I'm a gardener. There honestly is nothing that makes me happier than being outside in the sunshine, digging in the dirt with my canine gardening assistants (aka "garden gnomes") sniffing around.
In February and March, I dream of springtime and the changes I’m going to make to the garden – things I’m going to move, give away, prune, plant. It's an exciting time for me, when I’m dreaming of the possibilities and can't wait to start working in the garden.
Then April comes, and I realize that plants have died, moved themselves, look like crap and are unrecognizable from last year. I find myself asking, is it a weed or a flower? I get depressed. Everything looks terrible, and I realize I have hours/days/weeks of work ahead of me. This is the depression stage, when I wonder why I thought it was a good idea to turn most of my yard into flower and herb beds. I spend a week or two sulking in the house, claiming it's too cold/windy/wet to go outside.
But right around the end of April, I start looking forward to working in the garden again. Little green shoots are coming up and I can recognize the plants and remember how much I enjoyed them the year before. Sure, spring cleanup is a lot of work, but I can see the results and, ultimately, the benefits.
This year, we had a brutal winter (near-record snowfall and cold). Everything looked dead and brown and lifeless, when it wasn't covered in a foot of snow. I lost a lot of plants. The best word to describe the garden was "dreary." That pretty much explains my attitude toward gardening as well.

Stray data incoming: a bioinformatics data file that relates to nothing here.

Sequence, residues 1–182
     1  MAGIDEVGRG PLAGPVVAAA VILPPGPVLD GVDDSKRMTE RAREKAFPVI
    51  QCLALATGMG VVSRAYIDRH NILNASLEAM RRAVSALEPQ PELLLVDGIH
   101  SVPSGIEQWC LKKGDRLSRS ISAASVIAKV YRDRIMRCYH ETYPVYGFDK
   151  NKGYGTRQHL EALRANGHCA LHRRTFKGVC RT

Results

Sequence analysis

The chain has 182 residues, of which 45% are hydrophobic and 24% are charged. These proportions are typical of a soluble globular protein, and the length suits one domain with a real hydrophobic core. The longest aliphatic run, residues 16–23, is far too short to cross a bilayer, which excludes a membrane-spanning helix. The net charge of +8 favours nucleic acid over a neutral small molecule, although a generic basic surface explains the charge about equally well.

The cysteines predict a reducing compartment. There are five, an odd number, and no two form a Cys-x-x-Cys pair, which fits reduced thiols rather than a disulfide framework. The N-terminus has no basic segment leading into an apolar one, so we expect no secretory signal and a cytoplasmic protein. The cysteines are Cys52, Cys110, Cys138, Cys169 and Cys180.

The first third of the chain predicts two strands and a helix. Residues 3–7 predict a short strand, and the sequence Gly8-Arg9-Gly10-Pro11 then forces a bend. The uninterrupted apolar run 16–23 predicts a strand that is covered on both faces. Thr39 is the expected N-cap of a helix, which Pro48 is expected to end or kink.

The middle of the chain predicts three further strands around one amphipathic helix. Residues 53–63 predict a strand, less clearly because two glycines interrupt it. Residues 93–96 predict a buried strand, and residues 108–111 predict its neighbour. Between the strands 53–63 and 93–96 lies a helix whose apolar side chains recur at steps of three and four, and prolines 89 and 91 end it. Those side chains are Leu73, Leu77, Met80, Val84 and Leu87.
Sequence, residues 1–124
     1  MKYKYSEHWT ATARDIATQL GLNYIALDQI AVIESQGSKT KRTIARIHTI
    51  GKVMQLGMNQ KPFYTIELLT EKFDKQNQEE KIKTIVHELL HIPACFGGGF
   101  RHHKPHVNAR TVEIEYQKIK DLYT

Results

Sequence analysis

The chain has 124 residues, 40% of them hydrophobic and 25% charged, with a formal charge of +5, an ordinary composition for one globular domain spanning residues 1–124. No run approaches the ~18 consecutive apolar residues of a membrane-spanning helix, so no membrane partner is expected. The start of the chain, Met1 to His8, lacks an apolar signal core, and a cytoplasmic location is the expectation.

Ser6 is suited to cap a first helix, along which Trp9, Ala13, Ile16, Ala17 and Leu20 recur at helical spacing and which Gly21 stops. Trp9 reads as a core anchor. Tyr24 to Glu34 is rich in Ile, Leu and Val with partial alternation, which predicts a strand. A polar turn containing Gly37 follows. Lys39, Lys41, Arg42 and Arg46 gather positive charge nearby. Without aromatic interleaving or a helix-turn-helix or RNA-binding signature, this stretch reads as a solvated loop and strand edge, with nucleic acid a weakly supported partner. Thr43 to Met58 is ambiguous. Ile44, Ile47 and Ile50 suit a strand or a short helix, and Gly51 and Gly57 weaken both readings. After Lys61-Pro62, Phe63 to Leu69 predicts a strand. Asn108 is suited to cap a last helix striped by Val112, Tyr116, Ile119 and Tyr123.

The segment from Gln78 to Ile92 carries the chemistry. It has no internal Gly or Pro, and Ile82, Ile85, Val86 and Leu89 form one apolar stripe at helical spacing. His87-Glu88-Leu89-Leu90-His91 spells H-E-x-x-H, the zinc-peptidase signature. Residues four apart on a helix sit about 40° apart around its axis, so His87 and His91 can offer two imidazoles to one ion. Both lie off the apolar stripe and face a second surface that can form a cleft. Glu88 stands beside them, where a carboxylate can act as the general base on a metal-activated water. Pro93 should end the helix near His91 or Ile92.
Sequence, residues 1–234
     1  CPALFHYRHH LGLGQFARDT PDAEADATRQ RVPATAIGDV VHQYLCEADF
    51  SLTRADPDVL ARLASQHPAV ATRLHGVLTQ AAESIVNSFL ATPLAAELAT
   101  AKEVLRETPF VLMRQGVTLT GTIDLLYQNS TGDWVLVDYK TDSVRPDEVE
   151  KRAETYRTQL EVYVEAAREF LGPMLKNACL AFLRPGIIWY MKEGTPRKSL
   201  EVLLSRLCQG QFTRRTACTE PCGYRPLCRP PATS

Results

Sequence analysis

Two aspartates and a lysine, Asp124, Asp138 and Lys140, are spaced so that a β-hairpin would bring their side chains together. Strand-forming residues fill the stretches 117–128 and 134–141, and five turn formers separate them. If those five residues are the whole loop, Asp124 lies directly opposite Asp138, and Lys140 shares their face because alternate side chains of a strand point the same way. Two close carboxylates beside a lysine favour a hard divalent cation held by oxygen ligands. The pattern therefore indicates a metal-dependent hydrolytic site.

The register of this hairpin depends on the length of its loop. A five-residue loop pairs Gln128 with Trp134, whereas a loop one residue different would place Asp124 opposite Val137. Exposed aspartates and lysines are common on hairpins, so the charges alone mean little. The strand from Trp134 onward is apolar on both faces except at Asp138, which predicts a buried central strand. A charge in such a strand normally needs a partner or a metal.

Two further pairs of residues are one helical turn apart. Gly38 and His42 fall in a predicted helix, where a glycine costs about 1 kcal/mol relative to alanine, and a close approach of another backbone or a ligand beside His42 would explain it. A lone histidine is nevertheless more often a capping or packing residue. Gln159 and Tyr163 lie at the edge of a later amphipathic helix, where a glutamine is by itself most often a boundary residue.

Then, I sent an appeal out to my gardener friends and several of them offered to split their perennials like shasta daisies, lilies, irises, herbs and columbines; share seeds from unusual plants like blackberry lilies; and dig up "volunteer" lilac bushes, hydrangeas and raspberry bushes. My garden overfloweth!!
Once again, I'm happily digging in the dirt. Which is where I do some of my best thinking.
Yesterday, wrist-deep in dirt, I wondered how many safety and production projects have fallen by the wayside because the effort to start them seemed overwhelming. Too many moving parts, too great of a learning curve, too much money, too few resources … Whatever the reason, a lot of good ideas go nowhere because we're not sure how to cultivate them.
I know I’ve resisted projects that probably were good ideas because I didn't feel I was up to the task or because I already was feeling overwhelmed and couldn't imagine taking on one more responsibility.
How many have felt that way about an EHS project? It might be a good idea. It might be a great idea. But who has time for that, and where do you even start?
All too often, we allow ourselves to be stopped by seemingly impossible obstacles. Rather than source more creative versus more expensive ways to do something, we declare it a budget buster. Rather than look around to see who can implement a solution or new program, we claim we're too busy to do it. Rather than add a new project, we cling to timelines for existing projects, claiming there's no way to fit something new into the schedule.
I have to say, responding to new challenges that way makes our work life … dreary. Without new challenges and new projects, EHS programs and work in general becomes boring and lackluster. It's hard to work up enthusiasm in ourselves for it, let alone energize someone else.
Think of new initiatives and projects like I approached the flowers or vegetables in my garden. Some survived; some did not. Some I could do on my own; some required help from others. I had the resources for some; but some were given to me by others.
But new ideas are like gardens: You have to support them, feed them and encourage them. Eventually, you'll reap the benefits. Your world will be brighter, and your soul will be fed.